Updated 8:46 p.m. ET
SOUTH BEND, Ind. A private jet apparently experiencing mechanical trouble crashed Sunday in a northern Indiana neighborhood, leaving multiple people dead after it hit three homes, becoming lodged in one of them, authorities and witnesses said.
The Beechcraft Premier I twin-jet had left Tulsa, Okla.'s Riverside Airport and crashed near South Bend Regional Airport, Federal Aviation Administration spokesman Roland Herwig in Oklahoma City said.
"Fatalities have been confirmed at the scene," said Deputy St. Joseph County Coroner Michael O'Connell. He would not say how many people are dead.
CBS affiliate WSBT-TV reported that there were at least two fatalities.
The plane is registered to 7700 Enterprises of Montana LLC in Helena, Mont. The company is owned by Wes Caves and does business as DigiCut Systems in Tulsa, Okla. It makes window film and paint overlay for automobiles. Herwig said he did not know how many people were aboard the jet.
A woman identifying herself as Caves' wife answered the phone at their home Sunday and said, "I think he's dead," before hanging up.
In South Bend, Assistant Fire Chief John Corthier said some people who were injured had been taken to the hospital, but he did not know how many or what their medical conditions were.
The presence of jet fuel from the aircraft made the situation "very dangerous," Corthier said. The plane was lodged inside a house.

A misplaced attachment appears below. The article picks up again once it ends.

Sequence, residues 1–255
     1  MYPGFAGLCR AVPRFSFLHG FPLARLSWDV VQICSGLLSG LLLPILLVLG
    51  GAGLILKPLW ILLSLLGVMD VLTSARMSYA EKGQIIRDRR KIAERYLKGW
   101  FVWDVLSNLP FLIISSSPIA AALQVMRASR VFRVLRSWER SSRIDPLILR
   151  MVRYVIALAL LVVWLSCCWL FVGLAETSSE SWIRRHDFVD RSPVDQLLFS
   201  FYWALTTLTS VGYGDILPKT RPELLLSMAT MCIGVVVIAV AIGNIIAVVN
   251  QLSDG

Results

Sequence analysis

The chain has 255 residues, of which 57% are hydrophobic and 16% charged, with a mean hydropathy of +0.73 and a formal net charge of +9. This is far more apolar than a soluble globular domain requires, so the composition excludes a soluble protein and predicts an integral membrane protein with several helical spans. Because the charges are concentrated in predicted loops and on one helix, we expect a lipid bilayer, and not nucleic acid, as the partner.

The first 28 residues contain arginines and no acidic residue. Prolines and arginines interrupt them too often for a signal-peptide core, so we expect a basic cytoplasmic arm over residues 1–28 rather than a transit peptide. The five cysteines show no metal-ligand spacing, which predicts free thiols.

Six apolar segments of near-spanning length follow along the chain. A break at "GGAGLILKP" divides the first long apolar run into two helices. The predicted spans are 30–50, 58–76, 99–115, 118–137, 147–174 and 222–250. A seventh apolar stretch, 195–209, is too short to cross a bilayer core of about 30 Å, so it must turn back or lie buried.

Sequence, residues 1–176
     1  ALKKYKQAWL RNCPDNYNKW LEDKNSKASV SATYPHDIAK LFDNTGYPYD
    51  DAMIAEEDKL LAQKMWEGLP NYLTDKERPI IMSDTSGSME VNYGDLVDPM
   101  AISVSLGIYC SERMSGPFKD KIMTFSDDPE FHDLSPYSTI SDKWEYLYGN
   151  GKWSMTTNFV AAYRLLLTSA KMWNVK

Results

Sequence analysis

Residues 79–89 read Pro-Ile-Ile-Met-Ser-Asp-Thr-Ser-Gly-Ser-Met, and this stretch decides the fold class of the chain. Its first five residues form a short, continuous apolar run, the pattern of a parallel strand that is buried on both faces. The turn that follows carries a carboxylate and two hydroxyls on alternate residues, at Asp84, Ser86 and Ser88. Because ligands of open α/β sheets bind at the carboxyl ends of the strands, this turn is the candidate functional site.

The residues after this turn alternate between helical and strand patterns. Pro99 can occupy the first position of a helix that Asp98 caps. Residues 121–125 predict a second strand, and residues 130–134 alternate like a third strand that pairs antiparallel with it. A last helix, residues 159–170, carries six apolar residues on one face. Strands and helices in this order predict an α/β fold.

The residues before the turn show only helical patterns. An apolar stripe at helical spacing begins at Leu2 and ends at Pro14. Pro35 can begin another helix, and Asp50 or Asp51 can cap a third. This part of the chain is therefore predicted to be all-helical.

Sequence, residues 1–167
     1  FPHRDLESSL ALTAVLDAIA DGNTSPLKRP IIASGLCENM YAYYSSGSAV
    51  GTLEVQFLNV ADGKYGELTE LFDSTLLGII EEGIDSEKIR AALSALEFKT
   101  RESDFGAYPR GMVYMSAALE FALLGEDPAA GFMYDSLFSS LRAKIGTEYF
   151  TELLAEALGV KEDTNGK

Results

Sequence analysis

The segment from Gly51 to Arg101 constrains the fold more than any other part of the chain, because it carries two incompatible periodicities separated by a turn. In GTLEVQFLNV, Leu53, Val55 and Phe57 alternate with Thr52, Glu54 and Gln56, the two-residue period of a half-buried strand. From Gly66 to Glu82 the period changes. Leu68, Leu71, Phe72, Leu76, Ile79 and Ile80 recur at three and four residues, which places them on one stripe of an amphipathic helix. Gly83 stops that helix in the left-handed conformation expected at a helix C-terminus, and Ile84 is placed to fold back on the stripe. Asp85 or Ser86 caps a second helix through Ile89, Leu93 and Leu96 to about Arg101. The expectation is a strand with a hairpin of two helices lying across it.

"It's still a rescue operation," Corthier said about three hours after the crash. Referring to one of the damaged houses, he said, "Because of the collapse in the house it's a very dangerous situation. We have to shore up the house before we can enter the house. "
Part of the neighborhood southwest of the airport was evacuated. Buses were transporting up to 200 people to a nearby shelter, Red Cross volunteer Jackie Lincoln said.
Mike Daigle, executive director of the St. Joseph County Airport Authority, said the jet attempted a landing, went back up and maneuvered south to try another landing, but eight minutes later the airport learned the plane was no longer airborne.
"There was an indication of a mechanical problem," Herwig said.
Stan Klaybor, who lives across the street from the crash scene, said the jet clipped the top of one house, heavily damaged a second, and finally came to rest against a third. Neighbors did not know if a woman living in the most heavily damaged house was home at the time, and a young boy in the third house did not appear to be seriously injured, Klaybor said.
"Her little boy was in the kitchen and he got nicked here," Klaybor said, pointing to his forehead.
His wife, Mary Jane, regularly watches planes approach the airport.
"I was looking out my picture window. The plane's coming, and I go, `Wait a minute,' and then, boom," she said.
"This one was coming straight at my house. I went, `Huh?' and then there was a big crash, and all the insulation went flying," she said.